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Glenn McGrath Was A Giant Killer

Dave Wilson | 7:10pm gmt 04 May 2011
Glenn McGrath Was A Giant Killer
Glenn McGrath - giant-killer without peer?
When Glenn McGrath removed all of England's top six batsmen at The Oval in 1997, he appeared to exemplify the role of "giant-killer". Oft-times, though, our perceptions are sometimes skewed by performances early in a player's career to the extent that we only tend to see similar subsequent performances, because that's what we're looking for, i.e. they now have that reputation - it's like the lottery, where we only notice the winning numbers, or coincidences, where we don't see the thousands of non-coincidences that happen every day.

Well, perhaps this isn't as deep or metaphysical as that, but nonetheless I wanted to see if the perception was well-founded, i.e. that McGrath was a giant-killer and also perhaps to identify other, less heralded giant-killers.

David and Goliath

First we need to define what a giant-killer is. The accepted definition for a bowler is someone who takes the wickets of the top-rated batsmen, which we can generically quantify as those in the top order (i.e. wickets 1 through 7).

The majority of bowlers fall into the category of a 3-4-3, that is for every ten wickets they take, three will be upper order (1-3), four will be middle order (4-7) and three will be from the tail (8-11). There are variations around this, e.g. McGrath was a 4-3-3, Warne a 2-4-4 and Ntini a 4-4-2, but the majority fall either side of the 3-4-3 category. There are exceptions to the rule of course (otherwise it wouldn't be a rule) - Zaheer Khan for example is a 5-3-2, but this is not typical for bowlers with a lot of wickets, though most bowlers have around 70-80% of their wickets from the top order.


Looking first at the total number of top-order wickets only, we get this list:-

M Muralitharan13380054067.5%
Shane Warne14570844562.9%
Glenn McGrath12456342174.8%
Anil Kumble13261941867.5%
Courtney Walsh13251935668.6%
Kapil Dev13143431171.7%
Richard Hadlee8643130270.1%
Makhaya Ntini10139029876.4%
Shaun Pollock10842129770.6%
Curtly Ambrose9840529272.1%

Certainly McGrath stacks up well as a giant-killer, and although Murali and Warne took more top-order wickets, this was partially due to their sheer numbers of wickets, as McGrath had a significantly higher percentage of top-order wickets. Even so, Ntini in this list shades even McGrath and tops the percentage of top-order wickets of those shown above.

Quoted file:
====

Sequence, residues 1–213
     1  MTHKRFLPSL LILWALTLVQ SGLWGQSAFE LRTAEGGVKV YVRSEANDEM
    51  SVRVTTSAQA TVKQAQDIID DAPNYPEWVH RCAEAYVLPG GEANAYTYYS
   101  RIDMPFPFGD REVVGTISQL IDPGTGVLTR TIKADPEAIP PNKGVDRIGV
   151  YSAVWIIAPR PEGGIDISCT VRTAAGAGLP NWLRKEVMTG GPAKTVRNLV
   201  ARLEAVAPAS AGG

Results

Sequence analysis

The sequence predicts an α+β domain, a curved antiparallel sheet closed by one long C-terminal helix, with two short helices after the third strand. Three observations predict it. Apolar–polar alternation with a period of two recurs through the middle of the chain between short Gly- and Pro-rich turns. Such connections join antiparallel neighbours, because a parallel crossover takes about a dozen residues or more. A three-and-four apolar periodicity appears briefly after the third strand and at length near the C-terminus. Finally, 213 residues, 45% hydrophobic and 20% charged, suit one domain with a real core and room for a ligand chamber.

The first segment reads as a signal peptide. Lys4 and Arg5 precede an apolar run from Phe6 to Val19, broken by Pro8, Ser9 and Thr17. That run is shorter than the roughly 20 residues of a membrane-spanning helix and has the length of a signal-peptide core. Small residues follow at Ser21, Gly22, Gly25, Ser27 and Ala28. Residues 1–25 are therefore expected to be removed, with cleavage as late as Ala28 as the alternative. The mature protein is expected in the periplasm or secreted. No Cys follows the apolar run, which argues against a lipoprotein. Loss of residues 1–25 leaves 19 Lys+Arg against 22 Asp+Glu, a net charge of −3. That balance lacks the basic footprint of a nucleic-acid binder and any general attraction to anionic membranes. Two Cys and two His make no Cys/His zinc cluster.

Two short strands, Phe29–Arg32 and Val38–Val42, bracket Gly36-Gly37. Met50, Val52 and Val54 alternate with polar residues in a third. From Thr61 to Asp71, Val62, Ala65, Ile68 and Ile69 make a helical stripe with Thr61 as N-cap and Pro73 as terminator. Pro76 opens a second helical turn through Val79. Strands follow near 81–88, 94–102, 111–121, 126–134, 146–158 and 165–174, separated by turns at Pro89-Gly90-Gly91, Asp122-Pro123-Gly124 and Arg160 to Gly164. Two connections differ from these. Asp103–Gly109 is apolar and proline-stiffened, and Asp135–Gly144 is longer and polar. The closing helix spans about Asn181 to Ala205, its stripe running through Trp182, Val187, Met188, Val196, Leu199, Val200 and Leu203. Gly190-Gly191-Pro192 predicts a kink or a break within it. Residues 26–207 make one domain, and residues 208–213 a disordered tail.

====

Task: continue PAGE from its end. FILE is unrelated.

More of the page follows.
With that in mind, here is the list ranked this time on percentage of top-order wickets:-

Ian Meckiff18454293.3%
Tapash Baisya21363391.7%
HB Cave19343191.2%
Mudassar Nazar76665989.4%
Salim Jaffer14363288.9%
Greg Matthews33615488.5%
Brian McMillan38756688.5%
Jerome Taylor29827287.8%
RP Singh Jr13403587.5%
John Hayes15302686.7%

Ian Meckiff was embroiled in controversy as a "chucker", but his reputation as a giant-killer was firmly established in the 1958-59 Ashes when a six-wicket haul included England's May, Cowdrey and Graveney. Meckiff measures as a 4-5-1, though Tapash Baisya was a 6-3-1 and he has the highest percentage of upper-order wickets to his name with 61.1% (22 of 36 wickets). Only India's Raman Surendranath (6-2-2), who played only 11 Tests, comes close with 15 of 26 wickets from the upper order (57.7%).

It's notable that none of those listed above have taken 100 wickets and if we impose a limit on the minimum career wickets we have the following leaders:-

100+ wkts:- Karsan Ghavri (Ind) 109w, 82.6%; Richard Collinge (NZ) 116w, 81.0%; Colin Blythe (Eng)/Irfan Pathan (Ind) 100w 81.0%
200+ wkts:- Zaheer Khan (Ind) 271w, 79.7%; Jeff Thomson (Aus) 200w, 78.5%; Chaminda Vaas (SL) 355w, 77.2%
300+ wkts:- Chaminda Vaas (SL) 355w, 77.2%; Makhaya Ntini (SA) 390w, 76.4%; Glenn McGrath (Aus) 563w, 74.8% (note Derek Underwood with 76.4% on 297w)
400+ wkts:- Glenn McGrath (Aus) 563w, 74.8%; Curtly Ambrose (WI) 404w, 72.3%; Kapil Dev (Ind) 434w, 71.7%

Some great names there, with the mighty Thommo, Vaas, Ntini and Ambrose to the fore. Considering the number of career wickets taken by McGrath however, he clearly stands out as a giant-killer over a sustained career of high-quality bowling, at least by this measure.

So it would seem our perception is supported by statistics. However, I recently thought of another way to look at this.

Runs Saved - Another Way to Identify Giant-Killers

It's not simply a case of taking the wickets of the top-rated batsman, for example he may have already scored 250 - clearly if he's dismissed for a lower score that has more impact.